Africa|blasting|Components|Construction|Contractor|Energy|Engineering|Fabrication|hoisting equipment|Lifting|Manufacturing|Power|PROJECT|Storage|Water|Equipment|Manufacturing |Power Generation|Power-generation|Operations
Africa|blasting|Components|Construction|Contractor|Energy|Engineering|Fabrication|hoisting equipment|Lifting|Manufacturing|Power|PROJECT|Storage|Water|Equipment|Manufacturing |Power Generation|Power-generation|Operations

Kariba Dam rehab project making progress

The lake levels, which should generally be in a decreasing trend at this time of the year, have continued to record a steady rise

RISING LEVELS The lake levels, which should generally be in a decreasing trend at this time of the year, have continued to record a steady rise

29th January 2021

By: Natasha Odendaal

Creamer Media Senior Deputy Editor


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Binational organisation the Zambezi River Authority (ZRA) is progressing work at the Kariba Dam Rehabilitation Project (KDRP).

The authority says that ongoing KDRP works comprise two components, namely reshaping of the plunge pool and the refurbishment of the spillway gates.

The project aims to enhance the structural integrity of the Kariba dam wall for efficient power generation for the benefit of Zambia and Zimbabwe and the Southern African region as a whole.

The reshaping of the plunge pool, which started in May 2017 and is now 60% complete, involves excavation of the rock in the pool to increase the pool volume and minimise erosion, which can undercut the dam’s foundations.

These works, which are being undertaken by French civil engineering construction company Razel Bec, are expected to be completed before the end of 2024.

The work comprises the construction of a downstream cofferdam to enable the blasting and excavation of an estimated 300 000 m3 of rock from the downstream end and north and south bank sides of the pool, the ZRA says.

“This will create a new pool profile that will dissipate the energy of the water jets from the floodgates to nonerosive levels, as well as reduce turbulence by guiding the spilling water in the downstream direction, thereby avoiding any backward erosion towards the dam’s foundations in the process.”

Meanwhile, the spillway refurbishment works, which a consortium comprising GE Hydro and Freyssinet International started in September 2019, aim to ensure free movement of the gates used to shut the upstream opening of the floodgates when they are being maintained.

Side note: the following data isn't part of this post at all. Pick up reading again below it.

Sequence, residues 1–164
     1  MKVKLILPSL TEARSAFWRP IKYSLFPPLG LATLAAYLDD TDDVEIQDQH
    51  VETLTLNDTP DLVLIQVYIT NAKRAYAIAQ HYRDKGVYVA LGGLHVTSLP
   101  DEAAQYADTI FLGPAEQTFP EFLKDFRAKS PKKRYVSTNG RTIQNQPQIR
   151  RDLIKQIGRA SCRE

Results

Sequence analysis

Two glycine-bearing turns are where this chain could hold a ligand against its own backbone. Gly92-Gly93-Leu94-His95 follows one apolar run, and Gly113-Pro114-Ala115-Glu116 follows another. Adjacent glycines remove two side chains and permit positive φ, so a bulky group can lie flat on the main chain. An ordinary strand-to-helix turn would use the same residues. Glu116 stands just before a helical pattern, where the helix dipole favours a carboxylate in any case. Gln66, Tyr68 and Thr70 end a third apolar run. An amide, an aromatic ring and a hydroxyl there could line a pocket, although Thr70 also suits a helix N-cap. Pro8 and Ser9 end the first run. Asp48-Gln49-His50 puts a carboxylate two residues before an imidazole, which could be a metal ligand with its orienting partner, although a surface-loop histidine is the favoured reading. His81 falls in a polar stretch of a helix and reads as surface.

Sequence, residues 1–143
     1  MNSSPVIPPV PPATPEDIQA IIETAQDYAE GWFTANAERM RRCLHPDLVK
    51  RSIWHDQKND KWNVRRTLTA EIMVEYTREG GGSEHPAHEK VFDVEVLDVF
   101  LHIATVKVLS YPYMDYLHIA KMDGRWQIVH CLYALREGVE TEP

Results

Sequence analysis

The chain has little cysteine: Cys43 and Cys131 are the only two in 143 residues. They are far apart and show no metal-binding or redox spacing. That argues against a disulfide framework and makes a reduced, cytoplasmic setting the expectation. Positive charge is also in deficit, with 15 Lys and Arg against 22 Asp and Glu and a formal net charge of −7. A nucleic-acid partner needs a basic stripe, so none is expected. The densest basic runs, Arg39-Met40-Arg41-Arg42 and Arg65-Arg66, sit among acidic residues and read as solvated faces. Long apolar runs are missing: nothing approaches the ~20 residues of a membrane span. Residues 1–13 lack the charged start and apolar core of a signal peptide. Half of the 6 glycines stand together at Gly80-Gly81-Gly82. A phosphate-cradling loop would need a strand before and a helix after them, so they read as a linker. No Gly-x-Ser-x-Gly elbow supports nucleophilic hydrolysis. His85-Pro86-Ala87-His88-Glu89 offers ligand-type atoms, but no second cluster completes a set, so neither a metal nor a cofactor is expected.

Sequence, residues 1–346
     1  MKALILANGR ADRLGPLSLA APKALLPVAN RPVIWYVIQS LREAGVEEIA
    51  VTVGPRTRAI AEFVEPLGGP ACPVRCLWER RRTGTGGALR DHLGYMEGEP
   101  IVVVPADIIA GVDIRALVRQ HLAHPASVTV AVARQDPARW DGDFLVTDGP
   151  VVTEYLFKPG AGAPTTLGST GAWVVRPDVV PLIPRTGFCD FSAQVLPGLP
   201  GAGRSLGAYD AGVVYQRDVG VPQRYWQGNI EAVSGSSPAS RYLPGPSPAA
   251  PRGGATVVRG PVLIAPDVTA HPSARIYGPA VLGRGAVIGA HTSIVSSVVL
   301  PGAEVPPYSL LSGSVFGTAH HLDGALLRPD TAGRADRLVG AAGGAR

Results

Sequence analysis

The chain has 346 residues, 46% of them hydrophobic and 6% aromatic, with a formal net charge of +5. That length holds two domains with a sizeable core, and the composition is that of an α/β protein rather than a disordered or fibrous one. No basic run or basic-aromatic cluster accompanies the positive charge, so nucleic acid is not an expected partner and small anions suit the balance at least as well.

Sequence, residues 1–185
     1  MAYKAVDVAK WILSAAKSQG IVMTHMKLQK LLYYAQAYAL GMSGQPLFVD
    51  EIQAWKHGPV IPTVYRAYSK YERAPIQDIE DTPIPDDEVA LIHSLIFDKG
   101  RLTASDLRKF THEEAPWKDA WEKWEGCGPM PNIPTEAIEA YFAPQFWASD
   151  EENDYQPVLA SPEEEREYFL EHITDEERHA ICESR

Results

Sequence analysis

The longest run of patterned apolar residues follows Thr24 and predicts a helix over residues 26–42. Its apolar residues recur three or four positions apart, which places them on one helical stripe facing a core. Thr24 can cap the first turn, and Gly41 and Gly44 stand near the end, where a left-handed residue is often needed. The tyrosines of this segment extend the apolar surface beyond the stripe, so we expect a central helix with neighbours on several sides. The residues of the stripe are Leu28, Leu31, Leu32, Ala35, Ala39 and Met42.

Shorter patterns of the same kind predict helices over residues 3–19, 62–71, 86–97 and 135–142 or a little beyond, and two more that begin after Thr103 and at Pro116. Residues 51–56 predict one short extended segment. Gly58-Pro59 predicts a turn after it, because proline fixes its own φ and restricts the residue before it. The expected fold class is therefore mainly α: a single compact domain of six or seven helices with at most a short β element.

An emergency gate, to be used in emergency situations such as where a gate fails to close after spilling, together with a lifting crane, will be fabricated and installed. The hoisting equipment for the spilling gates will also be renewed.

The activities are expected to be completed in 2024.

“The spillway refurbishment contractor is currently working on the establishment of construction site facilities, as well as the fabrication of the electromechanical equipment required for execution of the works through specialist subcontractors,” the ZRA comments.

“The manufacturing progress details are twofold. Firstly, the manufacturing of stop logs is being done in China by the subcontractor, Sinohydro Bureau 8. The works are progressing well and delivery of the first components is expected by mid- February 2021. Secondly, the manufacturing of the needle cofferdam, which is required to isolate the works, is being undertaken in Poland by the subcontractor, APC Presmet.”

Meanwhile, the

ZRA will maintain the 30-billion cubic metres of water allocated for power generation operations at Kariba for 2021, shared equally between Kariba North Bank Power Station and Kariba South Bank Power Station.

The allocation is based on the Meteorological Authorities’ projections of normal to above-normal rains for the ongoing 2020/21 rainfall season.

“In line with the seasonal forecast released by the twenty-fourth annual Southern Africa Regional Climate Outlook Forum in August 2020, the bulk of the Southern African Development Community region in general and the Kariba catchment in particular is poised to receive normal to above-normal rainfall for the first quarter of 2021,” the ZRA points out.

Between December 22 and January 18, the lake levels increased by 0.40 m, or 0.08%, which brought the overall lake levels to 3.21 m above the minimum operating level (MOL) of 475.50 m.

“This 3.21 m above the MOL translates to 14.55-billion cubic metres of usable water storage currently in the lake.

“It is very encouraging to note that the lake levels, which should generally be in a decreasing trend at this time of the year, have continued to record a steady rise, owing to increased rainfall activity on and around the lake, leading to a lake level of 478.71 m, with 22.45% live/usable storage on January 18. Last year on the same date, the lake level was lower at 476.71 m with 8.36% usable storage,” the authority concludes.

Edited by Martin Zhuwakinyu
Creamer Media Senior Deputy Editor



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